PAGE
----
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Re: Problems with map(function, array)

by LanX (Bishop)
on Dec 10, 2012 at 21:21 UTC ( #1008164=note: print w/replies, xml ) Need Help??

in reply to Problems with map(function, array)

works for me:

DB<121> sub add { $_ + $_[0] } DB<122> map add(2), 1..3 => (3, 4, 5)

> Surprisingly, my new function sometimes works, and sometimes not. Here's the output from that second code fragment:

No surprise, you're deleting @a in the process, please repeat your experiments always with freshly reinitialized input.

Cheers Rolf

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Re^2: Problems with map(function, array)
by Redei (Initiate) on Dec 10, 2012 at 21:30 UTC
    You're right when you say I should have used freshly reinitialised input. But where does map destroy the input array?

    EDIT: Okay, I've got it now. Thanks for your help.
      The array is not exactly deleted, but the elements are reduced to empty strings:

      DB<139> sub my_uc { my $c = shift; return uc($c); } DB<140> my_uc() DB<141> @a = map my_uc, a..c => ("", "", "")

      keep in mind no argument means $c is undef!

      Cheers Rolf

Re^2: Problems with map(function, array)
by Redei (Initiate) on Dec 10, 2012 at 21:26 UTC
    My problem is what happens when I don't use $_:
    sub twice { 2 * $_[0] } @a = map twice, 1..3; print "@a\n"; ==> 0 0 0

      Your original code with strict and warnings:

      use strict; use warnings; sub twice { 2 * $_[0] } my @a = map twice, 1..3; print "@a\n";
      gives the warning "Use of uninitialized value $_[0] in multiplication (*) at line 3".

      This is how it should be written:

      use strict; use warnings; sub twice { 2 * $_[0] } my @a = map twice($_), 1..3; print "@a\n";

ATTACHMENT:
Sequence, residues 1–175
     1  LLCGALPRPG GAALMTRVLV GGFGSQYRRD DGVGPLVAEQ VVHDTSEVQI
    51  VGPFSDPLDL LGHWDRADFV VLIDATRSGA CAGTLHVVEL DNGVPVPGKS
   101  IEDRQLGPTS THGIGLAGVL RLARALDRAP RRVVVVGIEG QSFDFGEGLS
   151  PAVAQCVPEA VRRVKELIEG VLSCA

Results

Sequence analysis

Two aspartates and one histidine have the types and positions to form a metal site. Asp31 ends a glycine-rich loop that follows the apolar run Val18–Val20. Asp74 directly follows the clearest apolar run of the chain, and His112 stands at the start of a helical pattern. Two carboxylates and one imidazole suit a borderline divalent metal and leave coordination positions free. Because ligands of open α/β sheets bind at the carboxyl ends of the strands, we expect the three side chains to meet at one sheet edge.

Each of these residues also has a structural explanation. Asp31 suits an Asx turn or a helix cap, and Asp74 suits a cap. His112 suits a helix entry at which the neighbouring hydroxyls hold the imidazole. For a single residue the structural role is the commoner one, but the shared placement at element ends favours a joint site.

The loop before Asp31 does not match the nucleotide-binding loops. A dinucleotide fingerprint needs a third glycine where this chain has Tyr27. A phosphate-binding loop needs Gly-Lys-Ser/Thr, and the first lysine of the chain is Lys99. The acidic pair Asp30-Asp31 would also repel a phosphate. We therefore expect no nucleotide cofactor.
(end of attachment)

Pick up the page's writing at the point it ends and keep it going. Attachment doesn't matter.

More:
which produces 2 4 6 as expected.

      BTW, Conway, in Perl Best Practices, chapter 8, recommends always using the block form of map, not the expression form that you are using. The expression form might be faster than the block form though (if that matters, you should benchmark it).

        Thank you for the suggestions. I should have been using strict and warnings, of course. Maybe then I would have seen more easily where my problem was.

        I don't have Conway's book, so I can't see in what context he recommends using the block (rather than the expression) form of map. But I do have reasons for wanting the expression form:

        • It's legal syntax, so it should be useable. (And it is, of course, if you don't make the kind of mistake I did.)
        • It's more elegant for a single-parameter function. At least I think so.

      the LIST elements are ALWAYS passed via $_ per iteration.

      you call twice w/o parameters so $_[0] is undef and undef*2 == 0!

      take again a look at my "add"-example to distiguish between parameters and iteration value

      Cheers Rolf

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